Link About It: This Week’s Picks

Vale Alan Rickman, India's first trans modeling agency, African superheroes and more in this week's look at the web

1. Vale, Alan Rickman

Alan Rickman, the British actor best known for his roles as Hans Gruber and Severus Snape, has died at the age of 69 after battling cancer. Rickman began his career on stage, portraying the manipulative Vicomte de Valmont character in the 1985 production of “Les Liaisons Dangereuses”—a role he later won a Tony Award for. A year later, he garnered international attention co-starring with Bruce Willis in the action classic “Die Hard.” Rickman’s already outstanding legacy is completed by his masterful portrayal of the conflicted potions expert, Severus Snape, whose complex identity magically unfolded over 10 years of “Harry Potter” films.

2. The Standout Structures of 2016 Pritzker Prize Winner Alejandro Aravena

This year’s Pritzker Prize, architecture’s equivalent of the Nobel prize, has been awarded to Chilean architect Alejandro Aravena. Aravena is best known for his work with design studio Elemental, which relies on thoughtful architecture and “participatory design” to alleviate poverty and eliminate slums. In light of the honor, Dezeen has rounded up standout structures from Aravena’s 22-year-long career, including his acclaimed “half a house” concepts and the Santiago-based cubic UC Innovation Center.

3. India’s First Transgender Modeling Agency

Though they’re officially recognized as a third gender by the Indian government, “hijras”—a transgender group specific to South Asia—still face harsh prejudices by mainstream society. Rudrani Chettri (who identifies as a hijra) is aiming to dissolve that discrimination through her charity, Mitr Trust. By raising £5,000, Chettri hopes to set up a transgender modeling agency to help hijras find sustainable and safe employment. Dazed recently spoke to Chettri about the transgender community and her ongoing initiatives.

4. A Comic Start-Up Creating an African Superhero Universe

A Nigerian comic start-up, called Comic Republic, has created an African superhero universe after noticing a lack of black characters in legacy comics. “I thought about when I was young and what I used to make my decisions on: what would Superman do, what would Batman do? I thought, why not African superheroes?” explains founder Jide Martin. The characters include Guardian Prime, a 25-year old Nigerian who uses his super-strength to fight for a better Nigeria and Hilda Avonomemi Moses, a woman who can see spirits.

5. The World of Holiday Gift Returns

Last week, holiday shoppers sent back over five million gifts through UPS alone. Many of these unwanted items never end up at their original retailer and, instead, they’re shipped to returns facilities that service various sellers. WIRED visited one of these returns specialists, Shorewood Liquidators, to find out exactly what goes on behind the scenes and where these millions of rejected purchases eventually end up.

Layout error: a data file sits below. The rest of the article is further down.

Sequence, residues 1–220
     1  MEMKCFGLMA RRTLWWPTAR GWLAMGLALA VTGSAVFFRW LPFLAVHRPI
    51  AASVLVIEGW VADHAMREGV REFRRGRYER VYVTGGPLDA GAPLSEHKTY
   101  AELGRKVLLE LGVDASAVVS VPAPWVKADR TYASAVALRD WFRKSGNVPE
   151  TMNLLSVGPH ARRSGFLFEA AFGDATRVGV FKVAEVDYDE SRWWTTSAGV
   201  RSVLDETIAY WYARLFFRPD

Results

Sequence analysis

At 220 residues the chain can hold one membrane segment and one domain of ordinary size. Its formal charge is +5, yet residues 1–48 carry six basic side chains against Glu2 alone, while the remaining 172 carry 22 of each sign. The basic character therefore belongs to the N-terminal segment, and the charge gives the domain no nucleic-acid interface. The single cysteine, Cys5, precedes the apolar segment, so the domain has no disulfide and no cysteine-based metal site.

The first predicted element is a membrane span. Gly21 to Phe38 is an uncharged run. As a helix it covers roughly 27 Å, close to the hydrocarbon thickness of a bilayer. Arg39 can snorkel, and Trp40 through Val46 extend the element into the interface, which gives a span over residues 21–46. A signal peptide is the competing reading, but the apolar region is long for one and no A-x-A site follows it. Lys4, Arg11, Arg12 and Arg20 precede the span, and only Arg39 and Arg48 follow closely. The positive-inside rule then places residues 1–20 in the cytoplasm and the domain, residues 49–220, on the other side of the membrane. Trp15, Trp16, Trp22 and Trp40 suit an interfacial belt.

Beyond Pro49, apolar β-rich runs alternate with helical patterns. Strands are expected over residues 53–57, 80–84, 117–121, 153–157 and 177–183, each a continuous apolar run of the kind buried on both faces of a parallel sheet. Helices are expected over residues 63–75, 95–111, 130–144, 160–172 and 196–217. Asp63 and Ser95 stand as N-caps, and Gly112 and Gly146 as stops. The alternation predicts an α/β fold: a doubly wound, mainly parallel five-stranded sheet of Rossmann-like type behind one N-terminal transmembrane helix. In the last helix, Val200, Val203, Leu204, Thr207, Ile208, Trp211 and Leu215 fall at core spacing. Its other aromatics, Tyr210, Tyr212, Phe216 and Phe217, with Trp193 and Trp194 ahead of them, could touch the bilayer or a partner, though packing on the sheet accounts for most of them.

6. The Juicy History Behind the ’90s POG Craze

Many will remember the POG craze of the 1990s—the simple playground game that made use of cardboard caps—but few can recall its origins. The viral game actually got its start from a Hawaiian school teacher who taught her students to use the tops of POG (Passion Orange Guava) juice bottles for a simple recess game. Eventually, the Hawaii trend spread nationwide and then across the globe, as retailers and brands hastily plastered their marketing schemes on top of the tiny toys. Read more about the surprising history behind POGs at First We Feast.

7. The Negative Side Effects of Faking It

According to a recent study conducted by Maryam Kouchaki of Northwestern’s Kellogg School of Management, acting inauthentically can spark unforeseen psychological consequences. When asked to describe an instance of faking an emotion, participants displayed feelings of uncleanliness and sought the need for moral compensation. In other words, faking it until you make it actually just leads us further away from the end goal. In a business setting, roles that push employees to act inauthentically may be damaging their satisfaction and wellbeing. Visit Quartz to read more on Kouchaki’s study.

8. Pledge to Watch #52FilmsByWomen This Year

Through a recent study, non-profit organization Women In Film found that a major barrier for female directors is a perceived scarcity of talent. Their #52FilmsByWomen aims to shine a light of the thousands of current female directors out there by encouraging people to watch one film by a woman per week for a year. Head to Women In Film’s website to submit your pledge and to browse a massive catalog of movies directed by women.

Link About It is our filtered look at the web, shared daily in Link and on social media, and rounded up every Saturday morning.